District 2 is arguably the most overlooked and ignored area in the municipality. Partially that’s due to its horrendous size making it practically difficult to govern in the same way as many of the more suburban and urban districts. But it also contains historic black communities like North Preston, who’ve had to fend off harmful stereotypes in the media recently while also dealing with a dearth of community programs and infrastructure compared to neighbouring areas.
Eligible voters: 20,321 (as of 2014)
(Up about 300 from 2012)
Past voter turnout: 38.69 percent
David Hendsbee has represented this constituency in one way or another for about 20 years now. To no great surprise, he’s playing up his political experience on the campaign trail while attacking his challengers for being “inexperienced and naïve about municipal governance.” Said challengers include African Nova Scotian Music Association board member and documentary filmmaker Shelley Fashan, retired Lake Echo bus driver Gail McQuarrie (who came in second to Hendsbee in 2012), as well as political rookie and hospital registration clerk Sydnee McKay.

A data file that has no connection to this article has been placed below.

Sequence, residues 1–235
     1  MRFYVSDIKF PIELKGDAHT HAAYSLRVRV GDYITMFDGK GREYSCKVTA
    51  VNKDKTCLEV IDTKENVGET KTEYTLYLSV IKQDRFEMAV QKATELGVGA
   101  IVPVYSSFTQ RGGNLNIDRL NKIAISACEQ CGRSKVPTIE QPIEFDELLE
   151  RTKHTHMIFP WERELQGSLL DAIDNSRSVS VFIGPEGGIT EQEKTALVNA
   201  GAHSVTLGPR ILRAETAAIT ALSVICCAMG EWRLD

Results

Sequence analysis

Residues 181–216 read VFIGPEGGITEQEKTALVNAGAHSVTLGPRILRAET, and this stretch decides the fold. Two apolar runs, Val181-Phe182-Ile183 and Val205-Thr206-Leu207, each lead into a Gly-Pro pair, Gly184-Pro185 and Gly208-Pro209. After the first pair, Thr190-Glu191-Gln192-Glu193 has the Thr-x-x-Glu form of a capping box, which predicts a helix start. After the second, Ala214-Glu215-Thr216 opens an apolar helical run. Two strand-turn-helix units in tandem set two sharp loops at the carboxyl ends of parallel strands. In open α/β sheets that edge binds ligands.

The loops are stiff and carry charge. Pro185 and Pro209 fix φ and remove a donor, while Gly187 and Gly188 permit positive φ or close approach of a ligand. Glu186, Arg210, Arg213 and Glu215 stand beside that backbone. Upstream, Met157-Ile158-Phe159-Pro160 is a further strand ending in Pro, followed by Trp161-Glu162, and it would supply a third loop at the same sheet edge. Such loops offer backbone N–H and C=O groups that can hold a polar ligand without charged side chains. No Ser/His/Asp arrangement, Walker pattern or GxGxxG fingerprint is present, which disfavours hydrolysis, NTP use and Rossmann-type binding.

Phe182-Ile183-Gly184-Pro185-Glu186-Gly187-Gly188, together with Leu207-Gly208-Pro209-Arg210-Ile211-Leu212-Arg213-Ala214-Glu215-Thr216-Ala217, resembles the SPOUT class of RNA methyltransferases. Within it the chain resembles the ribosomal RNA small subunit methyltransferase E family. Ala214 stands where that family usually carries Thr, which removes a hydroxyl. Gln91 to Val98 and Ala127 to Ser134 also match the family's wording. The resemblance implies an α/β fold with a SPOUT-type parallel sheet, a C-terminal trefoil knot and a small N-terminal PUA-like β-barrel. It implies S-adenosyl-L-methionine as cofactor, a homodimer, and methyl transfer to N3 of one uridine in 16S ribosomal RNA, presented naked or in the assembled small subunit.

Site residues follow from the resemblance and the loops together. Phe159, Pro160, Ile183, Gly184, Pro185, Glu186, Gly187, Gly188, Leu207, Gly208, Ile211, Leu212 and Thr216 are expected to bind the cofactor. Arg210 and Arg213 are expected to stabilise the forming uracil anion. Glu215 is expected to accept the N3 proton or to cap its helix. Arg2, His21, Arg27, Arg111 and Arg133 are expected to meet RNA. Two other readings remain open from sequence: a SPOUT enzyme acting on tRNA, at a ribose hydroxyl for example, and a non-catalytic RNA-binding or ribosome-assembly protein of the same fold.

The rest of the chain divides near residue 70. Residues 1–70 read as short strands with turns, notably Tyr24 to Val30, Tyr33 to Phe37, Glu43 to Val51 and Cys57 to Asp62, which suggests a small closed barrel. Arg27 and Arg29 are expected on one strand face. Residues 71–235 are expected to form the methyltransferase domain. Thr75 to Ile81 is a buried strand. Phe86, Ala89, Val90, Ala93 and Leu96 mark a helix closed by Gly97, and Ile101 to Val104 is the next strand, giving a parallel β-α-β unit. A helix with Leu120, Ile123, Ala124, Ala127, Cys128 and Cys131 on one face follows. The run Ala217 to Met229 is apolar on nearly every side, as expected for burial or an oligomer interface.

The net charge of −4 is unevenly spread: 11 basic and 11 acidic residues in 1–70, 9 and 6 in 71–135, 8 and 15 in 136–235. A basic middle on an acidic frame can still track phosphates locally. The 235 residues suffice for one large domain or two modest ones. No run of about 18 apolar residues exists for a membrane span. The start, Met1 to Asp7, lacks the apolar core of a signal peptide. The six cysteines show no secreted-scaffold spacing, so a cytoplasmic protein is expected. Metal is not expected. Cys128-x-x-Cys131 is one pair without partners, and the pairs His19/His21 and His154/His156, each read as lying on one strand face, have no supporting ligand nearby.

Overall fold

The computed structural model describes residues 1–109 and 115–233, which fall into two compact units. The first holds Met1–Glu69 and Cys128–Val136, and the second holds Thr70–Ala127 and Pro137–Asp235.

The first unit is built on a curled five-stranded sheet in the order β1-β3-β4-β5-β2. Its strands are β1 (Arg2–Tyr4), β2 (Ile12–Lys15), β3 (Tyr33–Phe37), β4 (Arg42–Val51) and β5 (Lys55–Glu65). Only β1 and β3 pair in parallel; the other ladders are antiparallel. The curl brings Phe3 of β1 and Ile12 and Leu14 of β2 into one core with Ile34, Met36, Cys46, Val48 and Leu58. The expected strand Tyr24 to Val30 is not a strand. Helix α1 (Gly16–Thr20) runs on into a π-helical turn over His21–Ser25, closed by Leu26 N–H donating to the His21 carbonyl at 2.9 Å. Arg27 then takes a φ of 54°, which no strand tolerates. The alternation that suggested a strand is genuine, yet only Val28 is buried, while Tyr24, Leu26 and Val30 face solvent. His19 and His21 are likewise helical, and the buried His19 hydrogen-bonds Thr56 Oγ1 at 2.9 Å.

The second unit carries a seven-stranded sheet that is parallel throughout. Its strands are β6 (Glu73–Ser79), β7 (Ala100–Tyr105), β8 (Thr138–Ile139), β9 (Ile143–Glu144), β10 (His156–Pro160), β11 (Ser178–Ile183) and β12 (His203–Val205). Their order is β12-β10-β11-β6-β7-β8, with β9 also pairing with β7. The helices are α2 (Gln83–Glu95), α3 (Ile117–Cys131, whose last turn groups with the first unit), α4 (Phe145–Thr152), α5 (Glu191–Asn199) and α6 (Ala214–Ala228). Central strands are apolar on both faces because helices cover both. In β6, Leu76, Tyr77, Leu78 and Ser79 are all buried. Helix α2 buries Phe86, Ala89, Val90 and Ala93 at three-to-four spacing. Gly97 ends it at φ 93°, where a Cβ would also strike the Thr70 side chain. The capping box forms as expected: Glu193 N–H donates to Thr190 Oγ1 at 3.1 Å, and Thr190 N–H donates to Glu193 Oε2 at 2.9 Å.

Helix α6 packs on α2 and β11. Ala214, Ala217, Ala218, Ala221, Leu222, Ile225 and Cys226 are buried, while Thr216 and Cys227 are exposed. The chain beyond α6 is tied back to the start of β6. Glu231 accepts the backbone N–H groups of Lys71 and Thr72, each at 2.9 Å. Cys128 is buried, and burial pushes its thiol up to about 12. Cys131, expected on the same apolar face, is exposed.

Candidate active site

There’s a lot at play in this largely rural district, particularly for some communities that have historically been ignored by the people supposed to be representing them in government. Let’s start with the proposed construction and demolition waste facility in Lake Echo. That’s been strongly opposed by area residents and hasn’t won Hendsbee a lot of love. CBC reports the councillor recently sent an email to the province suggesting Nova Scotia help out the property owner, Kiann Management, by buying the land for approximately $200,000. Fashan is against the construction and debris dump, and has been vocal in campaigning against it. Additionally, in North and East Preston there is a longstanding fight for residents to claim their land titles. Many African-Nova Scotians families in the area have lived on their property for centuries but don’t legally hold title to the land. In February, Hendsbee told The Coast this is a reason why “a lot of the young families in the community have been moving out.” Water is another issue, as most (if not all) people in this district drink from wells. Clean and accessible drinking water is an election priority for MacKay, pointing to this summer’s hot weather drying up Eastern Shore wells as an example. Although these issues are largely provincial matters, they do illustrate how District 2 has been sometimes left behind—silenced, even—in the halls of government. Whoever claims the title of district councillor this election needs to prioritize working with all levels of government to give these neglected communities a strong voice at the table.
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